The Conversation

Russia wants military aid from China – this deal could help China, too

Michael A. Allen, Boise State University

China is considering sending weapons, ammunition and drones to Russia, according to information the Biden administration declassified at the end of February 2023.

China’s military aid would directly support Russia’s war in Ukraine.

This public disclosure, emerging less than a month after the U.S. navy shot down a Chinese balloon that allegedly was being used for spying purposes, further heightened existing tensions between the U.S. and China.

It also comes as Russia is facing mounting costs in its war on Ukraine – both financial and in human lives.

These setbacks have pushed Russia to seek help where the government can find it.

Russia has tried to secure weapons and other military support from allies such as North Korea and neighboring country Belarus. Russia has also turned to neutral countries like India and China to whom it can sell its oil and gas and bring in more money.

China has not publicly announced a decision to give military aid to Russia.

I am a scholar of international relations whose work focuses on the increasing competition between the U.S. and China. Based on my research, I’m certain Russia would welcome any assistance China would offer. China’s decision about whether to get involved in the Ukraine war will be carefully calculated, factoring in potential long-term benefits, risks and the influence of Western powers.

But I think that China’s choice in supporting Russia or not chiefly comes down to two considerations: how the Ukraine conflict will affect China’s overall growth in world politics, and its interest in invading Taiwan.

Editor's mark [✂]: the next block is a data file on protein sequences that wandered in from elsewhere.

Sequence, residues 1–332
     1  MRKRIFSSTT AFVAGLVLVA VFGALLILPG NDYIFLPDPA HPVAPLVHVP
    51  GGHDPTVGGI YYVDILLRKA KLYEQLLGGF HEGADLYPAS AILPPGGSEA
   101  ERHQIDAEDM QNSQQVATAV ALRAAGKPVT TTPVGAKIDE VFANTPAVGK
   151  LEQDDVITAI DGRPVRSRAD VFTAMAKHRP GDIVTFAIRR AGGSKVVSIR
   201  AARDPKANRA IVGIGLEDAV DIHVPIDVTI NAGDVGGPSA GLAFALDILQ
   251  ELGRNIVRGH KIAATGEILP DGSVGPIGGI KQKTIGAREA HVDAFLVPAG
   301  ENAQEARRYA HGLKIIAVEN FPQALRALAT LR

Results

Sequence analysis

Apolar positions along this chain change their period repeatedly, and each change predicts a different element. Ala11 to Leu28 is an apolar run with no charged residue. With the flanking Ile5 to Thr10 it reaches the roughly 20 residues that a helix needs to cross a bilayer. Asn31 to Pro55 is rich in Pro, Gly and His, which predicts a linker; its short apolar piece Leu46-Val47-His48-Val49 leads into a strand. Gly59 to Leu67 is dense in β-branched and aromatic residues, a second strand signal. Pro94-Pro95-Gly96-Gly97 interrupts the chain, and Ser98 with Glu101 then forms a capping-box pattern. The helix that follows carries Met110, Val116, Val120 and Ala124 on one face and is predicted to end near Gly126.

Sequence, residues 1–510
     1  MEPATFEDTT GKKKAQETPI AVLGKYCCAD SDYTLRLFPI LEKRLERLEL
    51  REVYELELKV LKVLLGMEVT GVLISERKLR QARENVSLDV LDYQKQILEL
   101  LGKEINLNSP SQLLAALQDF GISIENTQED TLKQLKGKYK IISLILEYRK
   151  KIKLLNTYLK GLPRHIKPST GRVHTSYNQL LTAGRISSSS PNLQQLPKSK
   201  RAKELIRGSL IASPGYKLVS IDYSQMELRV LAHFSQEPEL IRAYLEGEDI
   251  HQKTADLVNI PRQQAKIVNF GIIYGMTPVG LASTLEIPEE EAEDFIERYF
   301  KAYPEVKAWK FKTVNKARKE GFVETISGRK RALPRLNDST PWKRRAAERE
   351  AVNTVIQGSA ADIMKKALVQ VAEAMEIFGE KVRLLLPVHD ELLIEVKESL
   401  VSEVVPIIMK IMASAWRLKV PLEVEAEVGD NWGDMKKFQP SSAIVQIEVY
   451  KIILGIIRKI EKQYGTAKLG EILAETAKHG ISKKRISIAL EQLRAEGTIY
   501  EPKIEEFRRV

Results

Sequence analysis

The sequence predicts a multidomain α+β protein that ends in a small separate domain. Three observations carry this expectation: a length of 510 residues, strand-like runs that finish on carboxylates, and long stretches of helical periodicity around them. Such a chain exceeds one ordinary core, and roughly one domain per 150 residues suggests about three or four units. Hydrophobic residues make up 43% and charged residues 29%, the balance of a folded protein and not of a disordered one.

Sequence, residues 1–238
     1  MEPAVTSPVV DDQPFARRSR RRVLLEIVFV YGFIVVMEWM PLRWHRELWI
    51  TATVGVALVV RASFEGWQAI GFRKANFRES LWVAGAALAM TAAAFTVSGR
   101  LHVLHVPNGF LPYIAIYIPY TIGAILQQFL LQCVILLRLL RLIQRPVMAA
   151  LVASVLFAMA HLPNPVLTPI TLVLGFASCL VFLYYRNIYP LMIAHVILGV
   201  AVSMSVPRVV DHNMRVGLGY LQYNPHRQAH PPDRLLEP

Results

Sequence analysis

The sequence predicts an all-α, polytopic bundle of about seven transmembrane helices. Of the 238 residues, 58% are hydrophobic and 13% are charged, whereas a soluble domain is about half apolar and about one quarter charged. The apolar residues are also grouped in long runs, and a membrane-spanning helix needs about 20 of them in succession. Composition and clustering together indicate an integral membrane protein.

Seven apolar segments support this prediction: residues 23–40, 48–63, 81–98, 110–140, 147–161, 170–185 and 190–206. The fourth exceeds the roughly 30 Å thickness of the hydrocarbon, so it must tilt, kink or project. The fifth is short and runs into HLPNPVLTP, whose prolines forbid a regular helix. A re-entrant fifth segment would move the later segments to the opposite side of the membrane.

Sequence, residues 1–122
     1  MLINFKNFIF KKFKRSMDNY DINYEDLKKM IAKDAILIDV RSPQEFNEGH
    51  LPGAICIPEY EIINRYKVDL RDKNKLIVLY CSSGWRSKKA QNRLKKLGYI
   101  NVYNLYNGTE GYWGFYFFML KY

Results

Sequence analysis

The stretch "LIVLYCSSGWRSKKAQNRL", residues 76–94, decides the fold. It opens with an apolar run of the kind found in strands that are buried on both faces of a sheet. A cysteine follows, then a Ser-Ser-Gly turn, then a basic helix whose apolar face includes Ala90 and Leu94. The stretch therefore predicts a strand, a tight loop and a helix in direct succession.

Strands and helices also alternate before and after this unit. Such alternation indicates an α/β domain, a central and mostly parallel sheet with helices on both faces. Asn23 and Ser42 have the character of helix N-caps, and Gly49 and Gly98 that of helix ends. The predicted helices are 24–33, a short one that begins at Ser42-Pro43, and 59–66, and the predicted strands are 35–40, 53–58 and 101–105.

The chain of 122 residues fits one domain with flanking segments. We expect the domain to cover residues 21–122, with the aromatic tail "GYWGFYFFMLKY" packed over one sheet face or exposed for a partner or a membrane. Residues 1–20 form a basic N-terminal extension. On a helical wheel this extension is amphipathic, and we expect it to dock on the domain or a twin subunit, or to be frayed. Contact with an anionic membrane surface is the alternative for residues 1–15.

Massive military aid to a struggling army is not cheap. The U.S. spent over US$75 billion on aid to Ukraine in 2022. But despite the costs of war, China is considering supplying Russia military hardware for a few reasons.

Economically, China’s interests in Russia include money, energy and trade opportunities.

During the Cold War, the U.S. successfully drove a wedge between the two countries. However, after the Cold War, Russia and China grew closer and became economically interconnected.

Since Russia first launched a full-scale invasion of Ukraine in February 2022, China has appeared to maintain a “pro-Russia” neutrality.

Russian success in Ukraine would align with China’s goals of reshaping global politics and power, and could help facilitate China’s own rise as an economic and military leader.

Yet a prolonged Russia-Ukraine war may present a new kind of opportunity for China in Taiwan by diverting U.S. money, military resources and attention away from the island.

Chinese Foreign Minister Qin Gang argued on March 7, 2023, that because the U.S. sells weapons to Taiwan, this justifies China selling weapons to Russia.

Some critics have noted that U.S. aid to Ukraine makes it harder for the U.S. to justify defending Taiwan if China attempts to overtake it.

While China invading Taiwan appears unlikely in the short term – and some experts say such a move would be disastrous for China – both the U.S. and China have a vested interest in the fate of Taiwan and the surrounding region.

Given that China has not yet officially stepped forward to support Russia, these efforts appear successful.


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